Colle del Nivolet

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For me, this is the most beautiful cycling climb in the Alps. Magical.

Colle del Nivolet is a gigantic climb in Piemonte, Italy in the heart of the Parco Nazionale Gran Paradiso. It was built between 1953 and 1963 to service the two hydroelectric dams up high. The national park, along with the Vanoise National Park (the connected French side of the highest mountains here – think Col de l’Iseran), make up one of the largest protected natural areas in Europe. Apparently the wild ibix here migrate between the two countries.

Colle del Nivolet is the 3rd highest paved road in Italy at 2612 metres. I believe it’s the 10th highest paved road in Europe.

See here for the 10 highest paved cycling climbs in Italy

Alpine dams/lakes, loads of sexy hairpins, and stunning snow covered mountains. Woohoo!

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The first time I cycled Nivolet I started in Locana 40 kilometres from the summit. But the first 12 kms or so are quite uninteresting on a narrow road, with local traffic, etc. so I skipped them this time. It’s fine if you are touring, just nothing special. In fact you can start climbing 55 kilometres from the summit and enjoy a long stretch of 1% to warm up the legs.

I only had my hybrid with me, but this is of course a road bike climb.

This time I began in Noasca, just before the first steep kilometres, perhaps 28 kms from the summit. Almost immediately there is a 3 kilometre uphill tunnel – with a sign warning of 15% stretches, damn. But there is a way to bypass the tunnel on a fun old road. Just follow the road to the left of the tunnel entrance (see map at bottom) until you see a giant boulder:

The old road starts behind this boulder

The old road starts behind this boulder – it is paved

Along this old road there are house-sized boulders everywhere – I understand why they built a tunnel. It’s of course bumpy, but it is fine for a road bike. It passes by a scenic gorge, and is far more enjoyable than a long, uphill tunnel.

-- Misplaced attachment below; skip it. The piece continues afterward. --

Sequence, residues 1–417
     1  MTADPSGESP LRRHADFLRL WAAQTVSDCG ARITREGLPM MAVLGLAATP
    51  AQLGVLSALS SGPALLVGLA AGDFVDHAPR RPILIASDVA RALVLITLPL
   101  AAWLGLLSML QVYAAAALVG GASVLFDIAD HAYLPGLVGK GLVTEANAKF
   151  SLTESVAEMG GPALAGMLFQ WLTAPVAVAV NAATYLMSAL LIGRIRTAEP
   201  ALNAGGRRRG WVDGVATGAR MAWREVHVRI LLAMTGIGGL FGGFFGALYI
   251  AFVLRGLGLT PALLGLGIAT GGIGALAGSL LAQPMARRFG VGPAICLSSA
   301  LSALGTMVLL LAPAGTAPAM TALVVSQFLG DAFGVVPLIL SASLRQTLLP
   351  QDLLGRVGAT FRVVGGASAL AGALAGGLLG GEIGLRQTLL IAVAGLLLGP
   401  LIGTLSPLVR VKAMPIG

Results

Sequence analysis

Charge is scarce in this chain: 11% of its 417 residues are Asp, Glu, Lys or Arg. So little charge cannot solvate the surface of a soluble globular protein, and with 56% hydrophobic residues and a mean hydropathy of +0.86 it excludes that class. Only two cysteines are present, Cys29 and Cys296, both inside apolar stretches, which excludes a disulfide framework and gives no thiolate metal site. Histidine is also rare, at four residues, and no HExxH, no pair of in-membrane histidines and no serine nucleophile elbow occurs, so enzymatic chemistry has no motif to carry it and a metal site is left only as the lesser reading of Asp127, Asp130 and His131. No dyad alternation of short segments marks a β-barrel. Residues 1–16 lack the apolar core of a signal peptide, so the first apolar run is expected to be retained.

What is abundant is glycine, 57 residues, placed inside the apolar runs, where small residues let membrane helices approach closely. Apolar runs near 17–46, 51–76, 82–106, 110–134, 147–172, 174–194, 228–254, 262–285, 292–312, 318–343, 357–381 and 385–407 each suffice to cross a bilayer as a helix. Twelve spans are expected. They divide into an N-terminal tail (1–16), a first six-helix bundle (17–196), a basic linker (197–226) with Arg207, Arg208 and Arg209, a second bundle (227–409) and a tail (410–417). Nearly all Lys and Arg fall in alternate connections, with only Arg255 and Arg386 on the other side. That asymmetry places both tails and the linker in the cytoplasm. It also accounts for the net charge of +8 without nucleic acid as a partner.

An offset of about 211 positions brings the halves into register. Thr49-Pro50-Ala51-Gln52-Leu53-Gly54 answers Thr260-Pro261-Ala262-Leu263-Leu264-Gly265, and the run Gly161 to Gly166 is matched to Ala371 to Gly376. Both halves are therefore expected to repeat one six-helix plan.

Note, after a couple of kilometres you are forced to climb into the tunnel. Just ride for 100 metres and then climb out on the left for the old road again. 🙂 After another kilometre the old road re-joins the main road at the tunnel exit.

Next, after a few easy kilometres is Ceserole Reale, the final significant town. There is a huge dam and lake. A hint of things to come.

Lago di Ceserole - 1528 metres

Lago di Ceserole – 1528 metres

There are a few easy kilometres, and then things becomes truly special. The toughest part of the climb is the 5 kilometres leading to the next dam, all averaging above 9% with hairpins in every direction.

still a long way to go, but getting great

still a long way to go, but getting great

I don’t know what these weed things are called, but things were very red at this stretch:

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The road goes ride by the big Diga (dam) Lago Serrù at 2275 metres. See the sign in small photo above: from this point the road is closed to motorised traffic every Saturday in summer. Wow, very nice especially considering touring motor-cyclists love it here.

2275 metres, on way to Colle del Nivolet

Lago di Serrù – 2275 metres

Next the road actually rides across the dam of Lago Agnel (2300 metres).

Lago Agnel, looking back.  Road rides across the dam

Lago Agnel, looking back.

Up to this point, this has already been a memorable, challenging and beautiful climb. But these final 4 kilometres ……. wow. Here’s a close up of the first few hairpins above Lago Agnel:

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The final few hairpins give ever better/higher views of the two lakes below. Yes, I spent some time scrambling up rocks with my mini tripod. I needed all 30 seconds of my camera’s timer. 🙂

My favourite view from a bike